However, providing legal immunity prevents the surviving loved ones of family members who died from coronavirus to seek compensation through a wrongful death lawsuit. When staff members and administrators in nursing homes fail to provide their residents with reasonable care, surviving family members should be able to hold them responsible. 


Nursing Homes Owe Their Residents a Duty of Reasonable Care 

The coronavirus pandemic does not excuse nursing homes from their legal duty to provide their patients with reasonable care under the circumstances. The Centers for Medicaid and Medicare Services, as well as the Centers for Disease Control and prevention, have stated that nursing homes must follow the following safety precautions: 

  • Require all staff members to wear masks and keep them on at all times
  • Screen visitors to the nursing home for symptoms
  • Provide staff members with flexible sick leave policies so they can stay at home if they are exposed to the coronavirus or if they are showing any symptoms
  • Screen all nursing home residents every day for COVID-19 symptoms, including fevers
  • Strictly limit visitation from family and friends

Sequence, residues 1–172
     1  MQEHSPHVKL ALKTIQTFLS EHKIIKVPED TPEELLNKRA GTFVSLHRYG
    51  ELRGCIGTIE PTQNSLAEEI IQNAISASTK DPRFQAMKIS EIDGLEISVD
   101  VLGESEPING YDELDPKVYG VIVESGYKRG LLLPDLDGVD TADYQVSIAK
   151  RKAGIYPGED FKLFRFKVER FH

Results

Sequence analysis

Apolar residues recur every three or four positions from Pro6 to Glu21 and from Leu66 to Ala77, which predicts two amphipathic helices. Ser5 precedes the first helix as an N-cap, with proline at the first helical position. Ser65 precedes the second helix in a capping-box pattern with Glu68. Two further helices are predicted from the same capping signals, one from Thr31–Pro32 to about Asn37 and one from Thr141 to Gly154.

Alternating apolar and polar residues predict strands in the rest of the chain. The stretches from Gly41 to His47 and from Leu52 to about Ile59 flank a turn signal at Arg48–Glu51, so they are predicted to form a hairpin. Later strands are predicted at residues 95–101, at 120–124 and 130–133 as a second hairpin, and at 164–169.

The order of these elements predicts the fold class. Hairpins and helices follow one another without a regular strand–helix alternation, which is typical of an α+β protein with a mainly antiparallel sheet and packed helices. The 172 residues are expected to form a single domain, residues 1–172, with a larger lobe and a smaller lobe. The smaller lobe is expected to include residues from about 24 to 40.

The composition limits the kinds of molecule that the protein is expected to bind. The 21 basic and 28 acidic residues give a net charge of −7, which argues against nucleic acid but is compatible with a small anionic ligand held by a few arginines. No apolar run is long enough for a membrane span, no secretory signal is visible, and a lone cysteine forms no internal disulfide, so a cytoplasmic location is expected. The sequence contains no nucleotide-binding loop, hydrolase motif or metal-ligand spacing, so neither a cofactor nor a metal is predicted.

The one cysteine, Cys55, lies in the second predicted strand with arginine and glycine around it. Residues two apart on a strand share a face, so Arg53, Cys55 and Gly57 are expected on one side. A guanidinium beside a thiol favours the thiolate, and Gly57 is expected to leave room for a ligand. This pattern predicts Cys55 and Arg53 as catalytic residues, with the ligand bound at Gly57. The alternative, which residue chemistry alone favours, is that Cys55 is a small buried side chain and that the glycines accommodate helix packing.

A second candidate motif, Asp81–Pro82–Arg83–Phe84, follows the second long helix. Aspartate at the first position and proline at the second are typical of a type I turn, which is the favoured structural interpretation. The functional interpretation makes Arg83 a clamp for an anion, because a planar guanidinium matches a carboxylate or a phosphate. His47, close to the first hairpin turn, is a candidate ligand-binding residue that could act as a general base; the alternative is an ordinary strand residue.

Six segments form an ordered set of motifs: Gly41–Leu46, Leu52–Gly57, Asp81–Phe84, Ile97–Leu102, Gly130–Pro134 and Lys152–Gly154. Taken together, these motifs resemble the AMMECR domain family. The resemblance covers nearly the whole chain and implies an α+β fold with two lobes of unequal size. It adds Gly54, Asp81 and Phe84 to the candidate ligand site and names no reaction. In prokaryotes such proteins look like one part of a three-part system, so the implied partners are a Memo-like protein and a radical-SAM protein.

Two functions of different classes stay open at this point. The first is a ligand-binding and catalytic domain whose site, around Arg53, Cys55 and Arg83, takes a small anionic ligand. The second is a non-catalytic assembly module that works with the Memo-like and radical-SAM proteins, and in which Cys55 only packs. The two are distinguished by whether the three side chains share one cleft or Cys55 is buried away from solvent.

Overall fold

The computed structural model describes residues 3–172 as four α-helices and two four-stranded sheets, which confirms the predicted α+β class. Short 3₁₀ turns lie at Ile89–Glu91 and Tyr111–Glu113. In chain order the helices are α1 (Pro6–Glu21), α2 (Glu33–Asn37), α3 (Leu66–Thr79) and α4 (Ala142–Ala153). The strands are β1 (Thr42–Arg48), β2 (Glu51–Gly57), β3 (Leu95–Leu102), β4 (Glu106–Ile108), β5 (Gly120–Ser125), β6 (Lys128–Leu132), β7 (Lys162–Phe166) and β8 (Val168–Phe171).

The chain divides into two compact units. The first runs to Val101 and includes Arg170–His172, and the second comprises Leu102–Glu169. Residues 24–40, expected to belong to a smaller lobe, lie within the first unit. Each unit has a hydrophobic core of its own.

• Stop all community group activities and dining for nursing home residents

These policies are the bare minimum when it comes to protecting residents. Many states have imposed their guidelines for nursing homes. Some states require nursing homes to go a set of time without any new coronavirus diagnosis, they are allowed to ease restrictions on communal activities among nursing home residents. 

CMS requires nursing home facilities to alert their nursing home residents, as well as their representatives or family members of any new coronavirus cases that have sprung up in the nursing home. The agency has also been posting weekly data regarding the case count at the individual nursing home level and at the state and national levels. The agency announced stricter rules regarding inspections for nursing home infection control. The agency has stated that it will enforce these rules more seriously.


Bringing a Lawsuit for Nursing Home Abuse 

If your loved one has suffered from nursing home abuse during the coronavirus pandemic, you have legal options. You may be able to bring a wrongful death or personal injury lawsuit against the nursing home, claiming that the nursing home’s negligence caused your loved one’s death or serious injuries. For example, if your loved ones nursing home overlooked ongoing abuse, you can bring a lawsuit against the nursing home. 


Contact a Nursing Home Abuse Lawyer 

Dealing with the coronavirus pandemic is not an excuse for nursing home administrators to fail to protect their residents from nursing home abuse. Suppose your loved one died from the coronavirus, and you believe that the nursing home’s negligence contributed to your loved one’s death. In that case, it is worth speaking to a nursing home lawyer to see whether you have a legitimate legal plan for compensation. Contact Stanley Law Offices today to schedule your free case evaluation.